Professional sales student finishes near Top 1% in national sales competition
It was a record-breaking RNMKRS College Sales Skills Competition last fall as more than 2,100 college students from 59 different schools from across the globe completed over 45,000 role-plays.
A handful of competitors got within striking distance of a perfect score. Among them was Dakota Carroll, a Bloomsburg University professional sales and marketing major, who finished just out of the top 1% of the competition.
“It’s was a unique experience since I had to sell to artificial intelligence,” says Carroll, who ended up placing in the top 1.4% with 119 role-plays in his first-ever sales competition. “The experience prepping for the sale — eliminating what I can say and whatever the ultimate goal of the sales call is — I believe will help me most in the future.”
RNMKRS is a free online tool student can use to learn, practice, and demonstrate selling skills in a global virtual sales competitive environment.
“RNMKRS is unique, because you can do the sales call get your score and then get a generalized understanding of what you need to fix,” Carroll says. “You can constantly go back into the practices and refine what questions to use, eliminate what’s not working, and try new questions to see if they help or hurt your score.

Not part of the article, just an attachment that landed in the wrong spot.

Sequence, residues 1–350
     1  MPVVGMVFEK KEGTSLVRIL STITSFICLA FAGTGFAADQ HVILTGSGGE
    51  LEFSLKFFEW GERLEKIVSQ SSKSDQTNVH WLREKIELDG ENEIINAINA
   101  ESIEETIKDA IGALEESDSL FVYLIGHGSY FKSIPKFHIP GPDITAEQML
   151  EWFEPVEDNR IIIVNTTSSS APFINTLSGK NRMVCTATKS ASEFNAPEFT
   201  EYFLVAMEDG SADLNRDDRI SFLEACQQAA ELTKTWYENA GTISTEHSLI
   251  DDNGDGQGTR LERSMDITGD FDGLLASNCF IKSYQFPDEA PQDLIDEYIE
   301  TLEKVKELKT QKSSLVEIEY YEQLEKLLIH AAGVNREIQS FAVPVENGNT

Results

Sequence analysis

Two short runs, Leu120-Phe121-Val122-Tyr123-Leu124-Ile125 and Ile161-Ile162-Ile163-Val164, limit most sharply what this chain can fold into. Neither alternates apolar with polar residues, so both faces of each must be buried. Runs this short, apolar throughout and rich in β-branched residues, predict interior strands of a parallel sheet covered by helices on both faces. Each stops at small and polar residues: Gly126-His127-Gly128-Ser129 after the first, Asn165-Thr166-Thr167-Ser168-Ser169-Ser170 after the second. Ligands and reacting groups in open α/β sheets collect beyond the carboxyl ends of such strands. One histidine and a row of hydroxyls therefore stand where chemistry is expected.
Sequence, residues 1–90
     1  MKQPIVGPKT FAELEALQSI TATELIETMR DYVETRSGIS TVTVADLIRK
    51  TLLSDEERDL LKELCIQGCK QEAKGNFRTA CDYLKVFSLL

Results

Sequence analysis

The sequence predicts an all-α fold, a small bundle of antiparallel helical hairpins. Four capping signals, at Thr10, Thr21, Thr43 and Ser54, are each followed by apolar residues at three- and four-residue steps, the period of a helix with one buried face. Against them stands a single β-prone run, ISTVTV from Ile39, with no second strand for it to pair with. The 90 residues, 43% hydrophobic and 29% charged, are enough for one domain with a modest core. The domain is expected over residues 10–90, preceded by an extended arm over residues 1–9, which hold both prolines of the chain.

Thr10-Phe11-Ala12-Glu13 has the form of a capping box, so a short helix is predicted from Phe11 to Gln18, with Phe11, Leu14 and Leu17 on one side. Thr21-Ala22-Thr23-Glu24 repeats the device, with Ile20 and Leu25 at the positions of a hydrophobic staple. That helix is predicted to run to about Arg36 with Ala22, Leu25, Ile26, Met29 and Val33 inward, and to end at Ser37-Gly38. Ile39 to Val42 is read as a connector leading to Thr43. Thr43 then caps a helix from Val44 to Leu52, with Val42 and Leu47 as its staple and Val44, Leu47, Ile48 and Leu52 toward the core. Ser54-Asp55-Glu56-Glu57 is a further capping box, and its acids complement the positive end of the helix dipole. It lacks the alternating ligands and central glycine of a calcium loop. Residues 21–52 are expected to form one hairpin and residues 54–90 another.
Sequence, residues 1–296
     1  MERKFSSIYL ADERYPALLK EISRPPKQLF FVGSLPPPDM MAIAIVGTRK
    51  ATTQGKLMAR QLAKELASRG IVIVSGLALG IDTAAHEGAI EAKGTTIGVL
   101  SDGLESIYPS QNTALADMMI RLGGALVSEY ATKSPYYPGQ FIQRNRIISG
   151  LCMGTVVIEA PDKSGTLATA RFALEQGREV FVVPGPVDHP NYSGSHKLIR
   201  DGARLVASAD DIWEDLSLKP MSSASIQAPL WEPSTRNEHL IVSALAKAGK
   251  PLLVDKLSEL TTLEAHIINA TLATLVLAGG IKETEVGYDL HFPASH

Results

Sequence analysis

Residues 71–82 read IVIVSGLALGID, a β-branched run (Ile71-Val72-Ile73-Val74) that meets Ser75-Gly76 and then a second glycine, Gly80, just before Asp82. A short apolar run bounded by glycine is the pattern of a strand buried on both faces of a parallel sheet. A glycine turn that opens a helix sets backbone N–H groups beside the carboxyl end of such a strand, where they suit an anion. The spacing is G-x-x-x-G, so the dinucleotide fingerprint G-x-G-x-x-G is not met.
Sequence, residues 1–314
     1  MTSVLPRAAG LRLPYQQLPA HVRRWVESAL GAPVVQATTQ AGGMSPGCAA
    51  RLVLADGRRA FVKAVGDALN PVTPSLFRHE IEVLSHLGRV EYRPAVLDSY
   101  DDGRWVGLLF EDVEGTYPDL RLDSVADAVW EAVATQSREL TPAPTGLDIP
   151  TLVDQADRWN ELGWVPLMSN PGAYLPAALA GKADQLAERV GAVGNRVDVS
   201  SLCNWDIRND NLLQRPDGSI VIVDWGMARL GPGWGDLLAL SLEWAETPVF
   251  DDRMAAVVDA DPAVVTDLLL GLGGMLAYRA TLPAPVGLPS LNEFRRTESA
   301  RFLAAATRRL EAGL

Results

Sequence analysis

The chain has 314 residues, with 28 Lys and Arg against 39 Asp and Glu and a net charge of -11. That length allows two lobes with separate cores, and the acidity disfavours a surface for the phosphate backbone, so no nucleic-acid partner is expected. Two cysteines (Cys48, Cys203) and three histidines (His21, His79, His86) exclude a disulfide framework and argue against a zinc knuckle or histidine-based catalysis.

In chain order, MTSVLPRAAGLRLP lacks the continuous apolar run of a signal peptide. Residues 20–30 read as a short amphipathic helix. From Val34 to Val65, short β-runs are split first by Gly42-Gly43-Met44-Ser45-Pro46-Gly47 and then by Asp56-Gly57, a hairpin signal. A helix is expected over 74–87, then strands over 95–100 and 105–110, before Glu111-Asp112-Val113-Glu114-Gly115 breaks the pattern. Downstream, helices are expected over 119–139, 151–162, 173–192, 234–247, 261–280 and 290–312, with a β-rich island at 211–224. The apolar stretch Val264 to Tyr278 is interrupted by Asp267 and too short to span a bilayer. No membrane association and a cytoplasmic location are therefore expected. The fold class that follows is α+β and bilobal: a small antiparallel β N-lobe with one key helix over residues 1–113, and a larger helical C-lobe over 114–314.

Carroll credits his performance on Bloomsburg’s professional sales and marketing program and the coaching of Monica Favia, sales program director and associate professor.
“In my (one) class, we were learning about a sales technique call “SPIN,” Carroll says. “That (Situation, Problem, Implication, and Need-Payoff) process helped me ask and formulate questions during the competition and practicing for it.”
He adds, “The IN questions of SPIN are the hardest to formulate but are the most effective to use. The SP questions are easier to make — are very direct — and can have negative effects on that one sales process. They are essential to understanding the customer and where the salesperson’s product or services fit-in.”
According to Carroll, the sales call (meetings) should feel like a normal conversation you have with a friend when they’re making or thinking of making a purchase decision (like buying a car).
“The salesperson wants to be viewed as a trusted source of information,” Carroll says. An added benefit to participating in sales competitions, according to Carroll, is how each competitor can come away with a unique experience. “This was my first competition, so I can only compare it to my experiences from role-plays and one real-world sale,” Carroll says. “I would suggest other students in sales to do competitions early in their academic career, because they get experience with selling and get their name exposed to recruiters at the competitions.”